Have you ever sat up all night and worried about someone?
I sure have. Especially if I knew they were doing something particularly risky or dangerous, like driving a long distance when the weather was bad.
In one instance, a loved one was several hours late arriving home, and I couldn’t get a hold of them by phone (not normal at all for them).
Those have been some of the darkest times I’ve ever experienced.
I can remember times when I myself have taken similar risks, driving a long distance in inclement weather, and while there were some definite wheel-gripping moments, it wasn’t nearly as stressful as when I was in the other role. When I was the one waiting and worrying.
Well, as it turns out, this isn’t some odd quirk I have. This is apparently how people operate in general.
We Worry More About Other People’s Safety Than Our Own, Especially When We Care About them
A recent study looked into the anxiety surrounding people’s risk-taking behavior versus their anxiety surrounding other people taking risks via the same behavior. In an initial and several followup replication, a reliable pattern held:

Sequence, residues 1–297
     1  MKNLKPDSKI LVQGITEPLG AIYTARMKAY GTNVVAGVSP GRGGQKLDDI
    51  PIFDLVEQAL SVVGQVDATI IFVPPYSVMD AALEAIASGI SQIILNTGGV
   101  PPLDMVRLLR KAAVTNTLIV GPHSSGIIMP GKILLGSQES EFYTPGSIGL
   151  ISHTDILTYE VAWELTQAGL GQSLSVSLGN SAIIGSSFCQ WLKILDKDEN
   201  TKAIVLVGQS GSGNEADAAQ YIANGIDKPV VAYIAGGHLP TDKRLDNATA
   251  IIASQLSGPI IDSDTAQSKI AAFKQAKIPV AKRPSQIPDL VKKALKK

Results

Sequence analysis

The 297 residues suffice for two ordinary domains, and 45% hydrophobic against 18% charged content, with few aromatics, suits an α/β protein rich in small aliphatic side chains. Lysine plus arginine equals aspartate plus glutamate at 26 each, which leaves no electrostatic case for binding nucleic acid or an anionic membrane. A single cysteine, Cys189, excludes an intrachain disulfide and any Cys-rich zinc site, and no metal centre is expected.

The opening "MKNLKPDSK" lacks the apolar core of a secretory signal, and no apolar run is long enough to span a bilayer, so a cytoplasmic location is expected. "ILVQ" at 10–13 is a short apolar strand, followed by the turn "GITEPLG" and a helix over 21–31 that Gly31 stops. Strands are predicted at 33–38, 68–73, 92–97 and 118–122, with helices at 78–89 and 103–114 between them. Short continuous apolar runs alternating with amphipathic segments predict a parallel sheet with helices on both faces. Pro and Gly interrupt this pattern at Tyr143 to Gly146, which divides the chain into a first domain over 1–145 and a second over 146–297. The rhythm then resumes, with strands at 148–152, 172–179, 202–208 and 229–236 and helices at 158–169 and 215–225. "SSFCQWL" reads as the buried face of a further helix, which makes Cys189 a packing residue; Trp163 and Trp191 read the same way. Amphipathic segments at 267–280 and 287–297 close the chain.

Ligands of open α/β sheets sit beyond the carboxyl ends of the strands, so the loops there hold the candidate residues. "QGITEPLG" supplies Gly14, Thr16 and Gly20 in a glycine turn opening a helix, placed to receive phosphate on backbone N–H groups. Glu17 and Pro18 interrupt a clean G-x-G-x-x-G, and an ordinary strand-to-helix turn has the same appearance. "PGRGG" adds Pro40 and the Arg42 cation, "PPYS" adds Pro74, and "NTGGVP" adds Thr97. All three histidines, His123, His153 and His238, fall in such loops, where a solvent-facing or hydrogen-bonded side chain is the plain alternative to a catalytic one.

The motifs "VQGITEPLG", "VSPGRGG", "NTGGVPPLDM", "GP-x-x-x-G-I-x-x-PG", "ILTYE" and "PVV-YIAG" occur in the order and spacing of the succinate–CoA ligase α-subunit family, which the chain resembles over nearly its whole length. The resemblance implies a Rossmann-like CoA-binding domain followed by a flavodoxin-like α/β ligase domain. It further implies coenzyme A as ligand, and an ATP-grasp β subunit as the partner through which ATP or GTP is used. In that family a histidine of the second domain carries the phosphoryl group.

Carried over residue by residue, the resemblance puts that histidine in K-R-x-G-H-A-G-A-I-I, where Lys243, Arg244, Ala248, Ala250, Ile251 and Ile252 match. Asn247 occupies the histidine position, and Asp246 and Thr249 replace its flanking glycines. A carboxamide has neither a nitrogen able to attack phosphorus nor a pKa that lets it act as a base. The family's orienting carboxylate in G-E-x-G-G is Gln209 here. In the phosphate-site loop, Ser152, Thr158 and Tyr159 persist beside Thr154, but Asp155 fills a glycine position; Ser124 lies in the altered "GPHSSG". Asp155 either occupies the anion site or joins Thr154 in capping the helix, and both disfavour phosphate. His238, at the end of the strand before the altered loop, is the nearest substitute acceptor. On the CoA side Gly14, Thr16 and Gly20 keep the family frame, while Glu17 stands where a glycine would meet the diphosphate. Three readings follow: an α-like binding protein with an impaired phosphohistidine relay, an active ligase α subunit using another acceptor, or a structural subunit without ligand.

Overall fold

People were made considerably more anxious when others took risks than when they themselves took the same risks. One study even demonstrated that this pattern held when a person and their partner were engaging in the same risky behavior together — they still worried more about their partner than about themselves. They also in general were less likely to want their partner to engage in those risky behaviors than for them to do it themselves.
Interestingly, they also predicted more serious possible consequences of the risk for their partners than they did when asked that question about themselves (possibly accounting for the difference in anxiety levels).
It’s also worth noting that the researchers also found that this effect wasn’t simply limited to significant others. They studied people participants were close to, somewhat close to, and also somewhat distant and found increased anxiety relative to their own risk-tasking in all cases, although the closer the person was to participants, the more anxious they became at that person’s risk-taking behavior.
A further study even found that people were less emotionally anxious about long drives their partner took on days when they felt less emotionally close to their partner (relationship rough spots, etc.) and that they felt more emotionally anxious on days when they felt closer to their partner.
This post is part of an ongoing Poly Land feature called Psyched for the Weekend, in which I geek out with brief takes about some of my favorite psychological studies and concepts. For the entire series, please see this link.
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